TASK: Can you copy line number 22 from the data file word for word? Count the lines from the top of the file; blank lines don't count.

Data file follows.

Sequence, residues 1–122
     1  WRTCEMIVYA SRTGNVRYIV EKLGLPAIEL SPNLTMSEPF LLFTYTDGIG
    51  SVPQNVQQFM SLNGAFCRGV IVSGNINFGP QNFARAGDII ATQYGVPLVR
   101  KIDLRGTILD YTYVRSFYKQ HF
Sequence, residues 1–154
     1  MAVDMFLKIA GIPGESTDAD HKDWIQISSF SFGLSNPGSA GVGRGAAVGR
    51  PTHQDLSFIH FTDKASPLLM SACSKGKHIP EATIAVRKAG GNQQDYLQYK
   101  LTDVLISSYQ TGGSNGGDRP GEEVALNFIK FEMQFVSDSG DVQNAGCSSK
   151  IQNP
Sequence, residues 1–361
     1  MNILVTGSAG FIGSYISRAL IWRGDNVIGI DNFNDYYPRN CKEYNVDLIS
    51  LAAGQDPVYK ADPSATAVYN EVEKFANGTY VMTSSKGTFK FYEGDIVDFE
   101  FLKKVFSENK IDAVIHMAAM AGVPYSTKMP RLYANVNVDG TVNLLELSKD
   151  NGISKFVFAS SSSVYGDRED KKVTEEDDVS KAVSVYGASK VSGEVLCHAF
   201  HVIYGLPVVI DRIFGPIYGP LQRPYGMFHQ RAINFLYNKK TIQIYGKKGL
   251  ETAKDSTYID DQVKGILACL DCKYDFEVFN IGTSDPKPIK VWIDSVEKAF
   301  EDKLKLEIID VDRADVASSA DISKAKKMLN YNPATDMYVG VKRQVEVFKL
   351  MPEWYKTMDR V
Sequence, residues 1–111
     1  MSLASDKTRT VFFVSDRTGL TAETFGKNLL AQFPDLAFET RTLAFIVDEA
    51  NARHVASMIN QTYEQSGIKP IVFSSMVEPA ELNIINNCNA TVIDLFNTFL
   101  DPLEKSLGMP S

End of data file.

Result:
   101  DPLEKSLGMP S